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Law School Case Brief

State v. Bruns - 172 N.J. 40, 796 A.2d 226 (2002)

Rule:

Even under New Jersey's broad rule of standing for search and seizure purposes, there must be at a minimum some contemporary connection between the defendant and the place searched or the items seized. Suppression of the product of a Fourth Amendment violation can be successfully urged only by those whose rights were violated by the search itself, not by those who are aggrieved solely by the introduction of damaging evidence.

Facts:

Police stopped a driver, Lynette Edwards, for a traffic violation, and then arrested her when they discovered several outstanding warrants. In a search pursuant to that arrest, they discovered and impounded a knife and a toy gun. Later, it was discovered that those items were linked to an armed robbery that occurred a week before the traffic stop, in which John Bruns and Edwards were both implicated.  The Superior Court, Appellate Division (New Jersey), reversed Bruns’ armed robbery conviction on grounds that the evidence used to convict him should have been suppressed. The State appealed from that judgment reversing defendant's armed robbery conviction.

Issue:

Did the intermediate court err in reversing Bruns’ armed robbery conviction on grounds that the evidence used to convict him should have been suppressed?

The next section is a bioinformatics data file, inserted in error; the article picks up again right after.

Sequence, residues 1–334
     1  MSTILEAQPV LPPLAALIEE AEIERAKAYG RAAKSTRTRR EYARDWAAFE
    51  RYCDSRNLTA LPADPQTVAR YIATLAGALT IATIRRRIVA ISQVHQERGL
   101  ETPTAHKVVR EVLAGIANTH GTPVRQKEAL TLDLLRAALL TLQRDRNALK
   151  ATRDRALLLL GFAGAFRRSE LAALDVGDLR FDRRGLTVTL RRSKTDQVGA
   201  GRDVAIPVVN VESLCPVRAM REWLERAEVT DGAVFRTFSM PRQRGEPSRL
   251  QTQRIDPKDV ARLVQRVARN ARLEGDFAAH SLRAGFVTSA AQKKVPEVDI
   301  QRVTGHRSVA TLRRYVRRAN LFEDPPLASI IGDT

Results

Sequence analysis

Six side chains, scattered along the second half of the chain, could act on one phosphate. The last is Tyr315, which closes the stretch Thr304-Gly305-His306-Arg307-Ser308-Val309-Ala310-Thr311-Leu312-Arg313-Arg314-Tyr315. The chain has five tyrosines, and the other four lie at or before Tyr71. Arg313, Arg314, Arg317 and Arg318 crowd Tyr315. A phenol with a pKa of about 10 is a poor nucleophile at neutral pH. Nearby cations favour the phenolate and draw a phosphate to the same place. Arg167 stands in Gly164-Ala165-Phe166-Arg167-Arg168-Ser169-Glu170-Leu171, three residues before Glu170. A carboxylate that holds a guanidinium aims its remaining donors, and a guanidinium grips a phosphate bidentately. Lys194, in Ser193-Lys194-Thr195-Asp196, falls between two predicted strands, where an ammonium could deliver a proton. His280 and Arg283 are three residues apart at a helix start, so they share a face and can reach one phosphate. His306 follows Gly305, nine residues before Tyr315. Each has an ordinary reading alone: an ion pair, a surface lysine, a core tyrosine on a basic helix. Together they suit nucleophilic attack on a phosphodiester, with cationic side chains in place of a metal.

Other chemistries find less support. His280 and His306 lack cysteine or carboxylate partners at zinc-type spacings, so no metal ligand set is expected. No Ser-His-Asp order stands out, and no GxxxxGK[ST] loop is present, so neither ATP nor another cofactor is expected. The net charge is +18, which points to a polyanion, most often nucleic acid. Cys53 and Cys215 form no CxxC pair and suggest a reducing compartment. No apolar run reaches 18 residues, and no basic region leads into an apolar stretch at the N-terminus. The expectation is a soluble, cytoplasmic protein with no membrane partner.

Answer:

Yes

Conclusion:

The Supreme Court of New Jersey held that, even though N.J. Const. art. I, para. 7 was interpreted as providing broader standing to challenge warrantless searches than U.S. Const. amend. IV in that instead of having to show a reasonably expectation of privacy, a defendant was required to show only a personal, possessory interest in the items seized, Bruns failed to satisfy even that broad standard. His relationship to the evidence was attenuated in time, because the robbery had occurred a week earlier, and he asserted no ownership interest in the vehicle, which was searched pursuant to a valid arrest. There was no reason to think he had not abandoned whatever ownership interest he once had. The state supreme court reversed the the appellate division's judgment and reinstated Bruns' conviction.

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